Sentencing hearing has begun for ex Bell city manager Robert Rizzo, who admitted to 69 felony corruption charges. He expects a prison term of no more than 12 years. He was sentenced Monday to 33 months in federal prison for tax evasion. (Court pool image) by @leonardfiles
LOS ANGELES (AP) — The former city manager of Bell was sentenced Wednesday to 12 years in prison and ordered to make restitution of $8.8 million in a corruption scheme that nearly bankrupted the small, blue-collar city.
Robert Rizzo apologized during sentencing in Los Angeles County Superior Court, telling the judge he breached the public's confidence.
Rizzo previously pleaded no contest to 69 counts including conspiracy, misappropriation of public funds and falsification of public records.
It was revealed in 2010 that Rizzo was giving himself an annual salary and benefits package of $1.5 million in the city where a quarter of the population lives below the federal poverty line. His $800,000 in wages alone was double that of the president of the United States.
On Monday, Rizzo was sentenced separately to 33 months in federal prison for income tax evasion after he acknowledged reporting more than $700,000 in phony deductions to reduce tax liability on money authorities say he stole from Bell.
The sentence in the corruption case will run concurrently with the federal term. Rizzo will serve the first 33 months in federal prison then go to state prison. He will be on parole for three years after he serves his time.
At the time of his plea in the corruption case, Rizzo had offered to help prosecutors convict his chief assistant, Angela Spaccia, who was later sentenced to nearly 12 years in prison.
Defense attorney James Spertus said Rizzo's acknowledgement of his wrongdoing and offer to help prosecutors warranted a sentence of no more than five years in the corruption case.
"By imposing a sentence on Mr. Rizzo that contrasts sharply with the 11.5-year sentence already imposed on Ms. Spaccia, the court can send an appropriate message to the public: acceptance of responsibility and cooperation matter," Spertus said previously.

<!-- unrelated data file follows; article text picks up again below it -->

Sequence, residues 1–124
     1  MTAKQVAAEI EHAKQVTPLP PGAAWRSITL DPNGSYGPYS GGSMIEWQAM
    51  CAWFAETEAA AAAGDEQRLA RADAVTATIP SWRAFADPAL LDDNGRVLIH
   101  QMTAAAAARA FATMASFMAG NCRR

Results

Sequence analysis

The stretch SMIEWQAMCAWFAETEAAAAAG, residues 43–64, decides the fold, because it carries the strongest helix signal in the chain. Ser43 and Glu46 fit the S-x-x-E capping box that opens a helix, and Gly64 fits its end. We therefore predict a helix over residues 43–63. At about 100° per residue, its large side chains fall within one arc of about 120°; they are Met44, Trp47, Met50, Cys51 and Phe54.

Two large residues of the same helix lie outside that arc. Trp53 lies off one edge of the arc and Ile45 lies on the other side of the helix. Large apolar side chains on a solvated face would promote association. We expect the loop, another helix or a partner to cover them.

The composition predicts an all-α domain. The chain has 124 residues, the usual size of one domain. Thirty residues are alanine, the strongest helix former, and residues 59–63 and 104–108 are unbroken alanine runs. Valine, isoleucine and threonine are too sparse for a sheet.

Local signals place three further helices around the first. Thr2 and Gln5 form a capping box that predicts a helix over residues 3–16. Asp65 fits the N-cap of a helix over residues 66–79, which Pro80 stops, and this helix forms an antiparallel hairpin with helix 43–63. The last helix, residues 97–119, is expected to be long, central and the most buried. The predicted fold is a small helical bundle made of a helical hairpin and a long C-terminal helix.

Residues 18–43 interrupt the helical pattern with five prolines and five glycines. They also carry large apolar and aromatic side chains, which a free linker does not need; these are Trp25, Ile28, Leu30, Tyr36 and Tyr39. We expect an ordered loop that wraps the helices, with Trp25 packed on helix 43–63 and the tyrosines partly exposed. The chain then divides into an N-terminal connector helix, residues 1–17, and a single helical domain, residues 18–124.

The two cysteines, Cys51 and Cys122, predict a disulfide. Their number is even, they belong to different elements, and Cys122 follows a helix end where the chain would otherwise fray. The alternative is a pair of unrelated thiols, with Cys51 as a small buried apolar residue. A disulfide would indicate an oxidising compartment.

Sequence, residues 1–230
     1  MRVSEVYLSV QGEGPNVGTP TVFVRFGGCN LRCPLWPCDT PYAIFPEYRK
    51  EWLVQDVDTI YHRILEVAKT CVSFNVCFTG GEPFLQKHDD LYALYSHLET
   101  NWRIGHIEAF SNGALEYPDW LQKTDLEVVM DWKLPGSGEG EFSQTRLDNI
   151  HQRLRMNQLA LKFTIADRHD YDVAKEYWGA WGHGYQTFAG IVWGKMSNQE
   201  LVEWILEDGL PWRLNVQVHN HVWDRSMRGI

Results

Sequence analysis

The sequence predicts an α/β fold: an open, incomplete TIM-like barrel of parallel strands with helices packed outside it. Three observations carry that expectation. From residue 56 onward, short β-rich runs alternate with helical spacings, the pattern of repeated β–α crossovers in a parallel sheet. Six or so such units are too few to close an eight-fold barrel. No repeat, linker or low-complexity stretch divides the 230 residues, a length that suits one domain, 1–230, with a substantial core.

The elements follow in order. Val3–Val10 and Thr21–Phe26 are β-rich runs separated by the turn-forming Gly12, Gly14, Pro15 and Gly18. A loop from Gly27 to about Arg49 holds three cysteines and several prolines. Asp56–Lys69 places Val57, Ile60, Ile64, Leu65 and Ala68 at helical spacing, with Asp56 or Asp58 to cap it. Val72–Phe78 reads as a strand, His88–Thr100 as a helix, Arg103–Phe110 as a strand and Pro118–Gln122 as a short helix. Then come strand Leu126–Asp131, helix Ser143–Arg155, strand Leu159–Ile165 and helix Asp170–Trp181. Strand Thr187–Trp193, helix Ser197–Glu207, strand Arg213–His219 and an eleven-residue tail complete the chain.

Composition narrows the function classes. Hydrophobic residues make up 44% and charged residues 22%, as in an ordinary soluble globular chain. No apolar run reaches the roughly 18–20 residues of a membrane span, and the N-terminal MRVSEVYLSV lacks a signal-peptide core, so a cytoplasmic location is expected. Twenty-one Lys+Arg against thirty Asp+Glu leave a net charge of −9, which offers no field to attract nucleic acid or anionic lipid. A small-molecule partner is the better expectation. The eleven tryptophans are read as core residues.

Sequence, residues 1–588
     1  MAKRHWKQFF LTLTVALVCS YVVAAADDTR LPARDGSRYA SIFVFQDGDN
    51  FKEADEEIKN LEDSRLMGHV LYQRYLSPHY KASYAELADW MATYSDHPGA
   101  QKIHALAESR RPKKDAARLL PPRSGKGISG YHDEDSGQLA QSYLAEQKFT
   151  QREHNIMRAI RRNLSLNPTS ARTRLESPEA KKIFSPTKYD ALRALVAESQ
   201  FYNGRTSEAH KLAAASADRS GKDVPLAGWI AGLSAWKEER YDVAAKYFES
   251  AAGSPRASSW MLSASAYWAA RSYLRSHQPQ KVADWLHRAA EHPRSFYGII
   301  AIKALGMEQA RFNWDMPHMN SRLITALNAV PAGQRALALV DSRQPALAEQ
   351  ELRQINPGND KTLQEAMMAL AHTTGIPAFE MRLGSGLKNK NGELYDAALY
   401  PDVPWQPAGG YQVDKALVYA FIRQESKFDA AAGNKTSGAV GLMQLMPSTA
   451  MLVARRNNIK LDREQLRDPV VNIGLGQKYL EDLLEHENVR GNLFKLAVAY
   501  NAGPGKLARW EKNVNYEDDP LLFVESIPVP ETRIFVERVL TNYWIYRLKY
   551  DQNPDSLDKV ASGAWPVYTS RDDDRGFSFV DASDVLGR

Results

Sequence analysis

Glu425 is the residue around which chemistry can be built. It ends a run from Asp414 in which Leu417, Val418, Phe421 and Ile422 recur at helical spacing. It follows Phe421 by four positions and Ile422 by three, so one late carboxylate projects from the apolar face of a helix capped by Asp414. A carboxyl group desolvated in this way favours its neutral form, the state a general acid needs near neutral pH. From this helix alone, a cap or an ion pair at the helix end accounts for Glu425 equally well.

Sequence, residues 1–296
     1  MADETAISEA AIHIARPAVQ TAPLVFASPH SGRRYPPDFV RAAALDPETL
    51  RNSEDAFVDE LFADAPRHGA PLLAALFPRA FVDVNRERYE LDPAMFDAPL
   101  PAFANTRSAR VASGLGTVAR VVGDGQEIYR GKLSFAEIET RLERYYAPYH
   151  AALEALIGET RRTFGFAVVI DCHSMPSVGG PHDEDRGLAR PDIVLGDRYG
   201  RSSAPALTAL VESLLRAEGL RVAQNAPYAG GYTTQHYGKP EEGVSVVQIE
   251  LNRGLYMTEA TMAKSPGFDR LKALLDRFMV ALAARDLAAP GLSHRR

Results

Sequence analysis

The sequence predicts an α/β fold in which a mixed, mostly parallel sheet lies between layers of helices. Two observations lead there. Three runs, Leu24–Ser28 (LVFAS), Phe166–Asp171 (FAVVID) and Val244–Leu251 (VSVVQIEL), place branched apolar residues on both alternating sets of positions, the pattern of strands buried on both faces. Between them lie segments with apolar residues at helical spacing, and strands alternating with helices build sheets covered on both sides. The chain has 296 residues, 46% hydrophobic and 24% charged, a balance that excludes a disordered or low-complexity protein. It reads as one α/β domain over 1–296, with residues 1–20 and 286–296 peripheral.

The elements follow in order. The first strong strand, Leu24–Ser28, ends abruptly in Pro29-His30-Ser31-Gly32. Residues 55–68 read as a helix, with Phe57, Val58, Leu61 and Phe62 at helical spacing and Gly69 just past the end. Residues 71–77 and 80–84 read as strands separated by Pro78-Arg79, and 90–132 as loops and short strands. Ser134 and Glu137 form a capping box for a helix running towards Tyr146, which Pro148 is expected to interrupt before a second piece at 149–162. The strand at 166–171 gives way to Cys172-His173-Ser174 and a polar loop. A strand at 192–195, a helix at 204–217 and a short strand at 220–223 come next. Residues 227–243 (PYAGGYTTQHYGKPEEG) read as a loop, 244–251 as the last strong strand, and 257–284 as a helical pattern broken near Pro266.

In Bell's main business district, at its community center and elsewhere, residents and business people were nearly unanimous earlier this week in their opinion that nothing short of a life sentence would be sufficient for what Rizzo had done to them.
"Is he going to get life? He should. He never cared about us, all he cared about was our money," said recent Bell High School graduate Jose Morales, who was riding his skateboard outside the community center on Tuesday because Bell is now so broke it can't reopen its only skate park.
Authorities said the city of 36,000 was looted of more than $5.5 million by a number of officials.
Spertus has indicated that Spaccia, as the official who drew up illegal employment contracts that gave Rizzo his salary and benefits and herself $564,000, played perhaps an equal role in the scam.
Most of the City Council members were also making about $100,000 a year for meeting about once a month. They face terms ranging from probation to four years in prison when they are sentenced later this year.
Los Angeles County District Attorney Jackie Lacey has called the scandal the biggest municipal corruption case her office ever prosecuted. Residents were so angry that thousands marched on City Hall to scream at the officials, and a few months after the scandal broke, they held a recall election and tossed them out of office.
It was Rizzo who told those officials what to do, said licensed tax preparer Maria Berumen, who sat in her office and ticked off a litany of misdeeds investigators uncovered.
An audit by the state controller's office found Bell illegally raised property taxes, business license fees, sewage fees and trash collection fees; illegally diverted gas taxes and other state and federal funds; and issued $50 million in voter-approved municipal bonds for a public park that was never built.
A good portion of that money, auditors found, went into the lucrative salaries and pensions that Rizzo, Spaccia and other top officials collected.
"The city of Bell's internal control system was virtually non-existent," state Controller John Chiang said when the audit was issued. "All of the city's financial activities and transactions evolved around one individual — the former chief administrative officer."
That was Rizzo.